Implementing CDC: 3 Approaches to Database Replication

Learn how to create query-able tables from your operational databases with Change Data Capture (CDC)

Data replication has been around almost since the birth of databases. Early uses included integration between heterogeneous systems and data centralization (via the enterprise data warehouse). 

Change Data Capture (CDC) is not a recent invention, either. It was devised to identify and capture changes happening in the database. Much has already been said about it, but the main idea remains the same: CDC is an efficient way to de-silo and democratize an organization’s data, so the enterprise can derive business value from its data, rather than just hoarding it or keeping a copy to please the auditors. Heck – in a lot of cases CDC has even brought enterprise teams closer, so instead of fighting about the scope of responsibilities, people actually change their mindset and start collaborating to maximize the value of their shared data.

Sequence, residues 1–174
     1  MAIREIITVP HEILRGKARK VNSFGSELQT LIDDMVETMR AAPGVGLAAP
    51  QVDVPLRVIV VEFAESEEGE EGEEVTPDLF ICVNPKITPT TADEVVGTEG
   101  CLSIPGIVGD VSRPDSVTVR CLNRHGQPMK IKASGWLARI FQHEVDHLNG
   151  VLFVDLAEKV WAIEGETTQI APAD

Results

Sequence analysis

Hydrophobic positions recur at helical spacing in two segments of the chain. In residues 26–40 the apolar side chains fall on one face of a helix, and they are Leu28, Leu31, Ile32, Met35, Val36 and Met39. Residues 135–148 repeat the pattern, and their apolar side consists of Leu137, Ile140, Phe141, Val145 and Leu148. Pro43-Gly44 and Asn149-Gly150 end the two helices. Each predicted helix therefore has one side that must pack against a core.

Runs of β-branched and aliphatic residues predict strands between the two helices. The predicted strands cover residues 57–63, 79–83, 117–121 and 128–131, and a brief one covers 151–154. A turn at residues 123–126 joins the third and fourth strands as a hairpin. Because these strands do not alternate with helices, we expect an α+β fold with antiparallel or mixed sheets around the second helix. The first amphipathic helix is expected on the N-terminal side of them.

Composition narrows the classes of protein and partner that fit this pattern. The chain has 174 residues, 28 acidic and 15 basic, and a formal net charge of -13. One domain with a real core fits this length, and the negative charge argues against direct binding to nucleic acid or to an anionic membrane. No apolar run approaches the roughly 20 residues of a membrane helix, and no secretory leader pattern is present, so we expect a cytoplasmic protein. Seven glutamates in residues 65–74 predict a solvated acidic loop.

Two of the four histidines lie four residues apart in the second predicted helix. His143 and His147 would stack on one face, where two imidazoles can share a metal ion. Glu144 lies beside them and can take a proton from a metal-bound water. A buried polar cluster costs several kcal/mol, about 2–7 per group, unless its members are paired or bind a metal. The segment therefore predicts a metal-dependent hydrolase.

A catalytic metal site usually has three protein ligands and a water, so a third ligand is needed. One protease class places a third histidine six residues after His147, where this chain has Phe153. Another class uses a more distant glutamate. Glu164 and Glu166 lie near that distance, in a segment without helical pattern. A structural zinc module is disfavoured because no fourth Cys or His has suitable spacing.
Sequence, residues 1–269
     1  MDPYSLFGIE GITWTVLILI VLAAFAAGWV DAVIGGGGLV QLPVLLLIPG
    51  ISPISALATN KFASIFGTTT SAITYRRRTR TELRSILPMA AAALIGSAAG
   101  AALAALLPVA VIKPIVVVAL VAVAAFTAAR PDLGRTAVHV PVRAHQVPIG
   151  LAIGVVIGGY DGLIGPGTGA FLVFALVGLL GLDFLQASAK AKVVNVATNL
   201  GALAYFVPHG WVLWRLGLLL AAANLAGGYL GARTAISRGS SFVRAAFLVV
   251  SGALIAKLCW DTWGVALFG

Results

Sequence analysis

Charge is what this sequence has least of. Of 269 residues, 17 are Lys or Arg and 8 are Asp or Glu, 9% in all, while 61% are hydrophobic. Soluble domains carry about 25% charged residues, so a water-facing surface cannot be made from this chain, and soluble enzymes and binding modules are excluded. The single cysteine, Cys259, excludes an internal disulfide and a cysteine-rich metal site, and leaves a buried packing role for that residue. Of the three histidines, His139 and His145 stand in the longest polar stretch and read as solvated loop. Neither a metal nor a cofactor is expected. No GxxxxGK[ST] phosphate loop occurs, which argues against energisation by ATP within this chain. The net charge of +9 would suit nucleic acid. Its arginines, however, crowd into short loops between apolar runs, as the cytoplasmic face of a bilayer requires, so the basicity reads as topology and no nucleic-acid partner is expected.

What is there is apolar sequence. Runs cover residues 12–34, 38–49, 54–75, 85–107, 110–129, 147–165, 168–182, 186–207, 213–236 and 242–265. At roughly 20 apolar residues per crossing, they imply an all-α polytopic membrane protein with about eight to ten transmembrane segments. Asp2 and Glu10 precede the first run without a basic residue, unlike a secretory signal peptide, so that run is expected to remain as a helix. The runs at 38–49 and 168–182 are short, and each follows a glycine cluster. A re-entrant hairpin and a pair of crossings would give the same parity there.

What is fresh is the paradigm shift from a locked and heavily-guarded data warehouse (DW) to an open data lake (DL), or using the data lake as the engine for data warehouse use cases in a Data Lakehouse architecture. Moving away from batch-oriented data distribution to streaming data pipelines opens up new ways to leverage this data, by having both change propagation and event-based architectures built on top of the same stream. Thus a CDC capability to make databases available to all becomes essential for any modern data architecture. 

In this post, we discuss the different CDC approaches and patterns, and cover CDC capabilities in Upsolver SQLake that make it an indispensable tool in high-performance data pipelines. 

Why replicate data?